According to Fudzilla, AMD has a solution up its sleeve that closely mimics Nvidia's GeForce Boost. Supported through AMD's upcoming 790GX chipset (essentially a 790FX with in-built graphics), the new type of CrossFire combines the integrated GPU with not one, but two discrete graphics cards. The site elaborate that they're unsure how much of a performance boost combining the three GPU's will offer, though judging by Nvidia's GeForce Boost, this will be a low-end feature.
Intel's quad-core Penryn processors have been out for quite some time - even if they're nearly impossible to come across. AMD, on the other hand, have only just rolled out some bug-free chips late last month, the flagship product being the 2.5GHz 9850. Despite the $50 price differences (AMD's being the cheaper of the two), ExtremeTech have directly compared AMD's flasgship with Intel's 2.5GHz Q9300. The performance of both chips greatly reflects their price, with the Q9300 storming ahead in the majority of the benchmarks.
There's no denying that the 9600 GT offered a huge performance jump over its predecessor, though judging by the first review of the 9500 GT, it's quite the opposite. Before we get to the performance, the board's G96 core is clocked at 650MHz, while the shaders operate at 1625MHz. Memory differs from a GDDR2 version clocked at 900MHz, or a faster GDDR3 at 1600MHz flavor. Interestingly enough, the site's graphs show the card to be running close to 8600 GT speeds, which VR-Zone once confirmed to be the legit clocks...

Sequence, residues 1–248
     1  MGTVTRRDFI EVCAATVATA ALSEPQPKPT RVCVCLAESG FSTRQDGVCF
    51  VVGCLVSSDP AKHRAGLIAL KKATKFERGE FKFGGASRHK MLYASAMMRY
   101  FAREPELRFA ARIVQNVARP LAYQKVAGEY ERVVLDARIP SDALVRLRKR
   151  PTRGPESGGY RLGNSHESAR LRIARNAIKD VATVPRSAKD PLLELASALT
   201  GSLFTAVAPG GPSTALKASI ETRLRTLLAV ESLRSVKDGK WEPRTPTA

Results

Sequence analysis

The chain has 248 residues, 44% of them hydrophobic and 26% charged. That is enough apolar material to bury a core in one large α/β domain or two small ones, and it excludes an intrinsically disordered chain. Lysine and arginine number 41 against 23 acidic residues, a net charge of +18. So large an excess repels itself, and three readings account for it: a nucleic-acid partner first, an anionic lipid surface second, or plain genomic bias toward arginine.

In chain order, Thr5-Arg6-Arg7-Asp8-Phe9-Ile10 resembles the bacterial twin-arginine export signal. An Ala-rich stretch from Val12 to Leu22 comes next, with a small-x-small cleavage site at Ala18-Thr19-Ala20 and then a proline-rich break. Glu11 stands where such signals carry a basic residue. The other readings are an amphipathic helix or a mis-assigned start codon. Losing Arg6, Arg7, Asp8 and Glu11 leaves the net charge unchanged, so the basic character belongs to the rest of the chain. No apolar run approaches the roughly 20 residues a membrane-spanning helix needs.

With the rumour mill churning out of control with 9900-series information, Nvidia has apparently decided to discontinue not only the 9800 GX2 (as learnt on Tuesday), but also the 8800 GTS 512MB. This comes as no surprise, especially when you consider that the revised 8800 GTS uses the same G92 core as the 9-series. This becomes even more apparent when taking into account that the card lacks three-way SLI and HybridPower support. We're still yet to hear anything about a 9900 GTS, or when the 8800 GTS will hit EOL.